On February 17, the long-awaited kickoff to the 2019 NASCAR Cup Series season will finally be here with the Daytona 500. Commonly referred to as the “Super Bowl of Stock Car Racing,” the inaugural race at Daytona International Speedway is known for serving up some of the most exciting racing of the regular season.
There have been countless epic runnings of the Daytona 500 over the years, and while this year’s race should no doubt deliver, the 2007 Daytona 500 will be hard to top. At least when it comes to controversial finishes.
Unfortunately for NASCAR legend Mark Martin — once described by ESPN as “the best driver to never win a championship” — he was on the losing end of the aforementioned controversial finish. In his 23rd run of the Great American Race, Martin had previously raced to seven top-7 finishes at Daytona. So close, yet so far time and time again.
While Martin dealt with his fair share of disappointment at Daytona Beach, his ultimate heartbreak came in 2007.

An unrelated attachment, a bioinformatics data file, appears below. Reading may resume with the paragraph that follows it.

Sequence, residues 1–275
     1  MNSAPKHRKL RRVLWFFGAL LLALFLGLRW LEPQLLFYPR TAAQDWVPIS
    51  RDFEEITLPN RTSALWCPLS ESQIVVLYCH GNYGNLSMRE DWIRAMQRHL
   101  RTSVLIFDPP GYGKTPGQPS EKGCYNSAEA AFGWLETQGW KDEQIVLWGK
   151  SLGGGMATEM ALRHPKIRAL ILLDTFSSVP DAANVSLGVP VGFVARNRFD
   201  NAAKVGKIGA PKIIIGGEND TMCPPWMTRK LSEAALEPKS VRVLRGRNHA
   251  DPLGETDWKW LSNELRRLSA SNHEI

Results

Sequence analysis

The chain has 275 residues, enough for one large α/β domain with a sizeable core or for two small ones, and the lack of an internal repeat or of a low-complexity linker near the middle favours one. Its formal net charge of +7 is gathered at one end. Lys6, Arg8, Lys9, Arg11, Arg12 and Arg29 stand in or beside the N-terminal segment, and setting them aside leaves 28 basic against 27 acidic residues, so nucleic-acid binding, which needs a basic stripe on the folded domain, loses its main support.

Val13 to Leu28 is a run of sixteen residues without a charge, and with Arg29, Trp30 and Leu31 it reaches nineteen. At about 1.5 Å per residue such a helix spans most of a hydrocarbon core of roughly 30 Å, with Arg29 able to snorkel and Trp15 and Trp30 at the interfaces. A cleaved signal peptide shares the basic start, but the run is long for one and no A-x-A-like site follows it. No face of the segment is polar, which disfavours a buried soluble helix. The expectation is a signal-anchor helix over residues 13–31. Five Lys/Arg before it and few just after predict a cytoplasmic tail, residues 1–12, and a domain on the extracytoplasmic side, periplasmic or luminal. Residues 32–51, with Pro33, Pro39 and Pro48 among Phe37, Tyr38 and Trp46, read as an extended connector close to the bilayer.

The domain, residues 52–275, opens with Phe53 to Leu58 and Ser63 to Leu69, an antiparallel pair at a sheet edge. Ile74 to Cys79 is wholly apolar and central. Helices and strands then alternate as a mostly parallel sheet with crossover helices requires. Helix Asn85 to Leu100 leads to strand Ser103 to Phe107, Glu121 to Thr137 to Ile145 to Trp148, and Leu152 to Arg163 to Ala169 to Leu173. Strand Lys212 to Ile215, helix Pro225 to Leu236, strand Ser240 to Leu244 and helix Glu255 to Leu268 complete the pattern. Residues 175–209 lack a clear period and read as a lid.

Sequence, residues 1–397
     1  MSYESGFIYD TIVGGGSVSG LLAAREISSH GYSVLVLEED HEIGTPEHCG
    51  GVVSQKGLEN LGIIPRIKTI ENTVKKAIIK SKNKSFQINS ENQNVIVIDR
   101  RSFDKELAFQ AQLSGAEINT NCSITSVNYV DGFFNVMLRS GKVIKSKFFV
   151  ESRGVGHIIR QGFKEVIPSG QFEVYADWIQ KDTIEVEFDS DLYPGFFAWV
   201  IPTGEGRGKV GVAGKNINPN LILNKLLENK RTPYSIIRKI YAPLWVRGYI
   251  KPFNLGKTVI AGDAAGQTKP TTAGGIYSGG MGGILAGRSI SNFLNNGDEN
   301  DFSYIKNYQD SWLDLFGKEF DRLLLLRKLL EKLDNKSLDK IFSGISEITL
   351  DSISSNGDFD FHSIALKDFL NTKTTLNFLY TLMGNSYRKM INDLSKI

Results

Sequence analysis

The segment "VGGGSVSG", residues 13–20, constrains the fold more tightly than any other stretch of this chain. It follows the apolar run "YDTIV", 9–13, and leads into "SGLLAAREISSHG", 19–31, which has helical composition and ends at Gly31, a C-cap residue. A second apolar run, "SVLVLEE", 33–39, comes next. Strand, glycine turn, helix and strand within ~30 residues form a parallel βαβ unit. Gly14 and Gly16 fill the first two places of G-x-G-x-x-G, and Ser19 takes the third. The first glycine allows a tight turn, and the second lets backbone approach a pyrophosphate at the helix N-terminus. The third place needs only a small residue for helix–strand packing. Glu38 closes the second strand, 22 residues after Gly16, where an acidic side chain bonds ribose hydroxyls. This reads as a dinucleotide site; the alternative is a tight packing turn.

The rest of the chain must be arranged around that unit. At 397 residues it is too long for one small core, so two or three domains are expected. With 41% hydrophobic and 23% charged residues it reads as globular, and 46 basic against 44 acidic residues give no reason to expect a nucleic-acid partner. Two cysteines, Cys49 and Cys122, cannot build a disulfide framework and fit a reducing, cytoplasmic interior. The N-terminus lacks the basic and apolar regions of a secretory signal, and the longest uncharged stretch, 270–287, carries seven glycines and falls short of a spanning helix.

Following a number of caution flags throughout the race that forced the likes of Kurt Busch, Jamie McMurray, Dale Earnhardt Jr. to bow out early, Martin ended up being race’s late leader and looked to be well on his way to his first Daytona 500 win.
However, on the last lap, Kevin Harvick made a late surge, putting him neck-and-neck with Martin. As Kyle Busch attempted to pass them, he got loose and spun out, and it started a chain reaction that caused a host of other drivers to wreck.
Clint Bowyer flipped and skidded across the finish line on his roof, while Jeff Gordon was also involved in a wreck. It was complete chaos.
Surprisingly, the caution flag didn’t come out, and Harvick just edged out Martin’s No. 1 Chevrolet to the finish line by .002 seconds for what would be Harvick’s first Daytona 500 win.
Many felt that there should have been a caution flag, which might’ve helped Martin overcome Harvick’s late race-winning surge. For context, what went down at the 2007 Daytona 500 marked the closest finish since the first-ever Daytona 500 in 1959, when it took NASCAR officials THREE DAYS to finally declare Lee Petty the winner.
As for Martin, he raced at six more Daytona 500s, but he was never able to win. He would finish third in his final appearance at the track in 2012.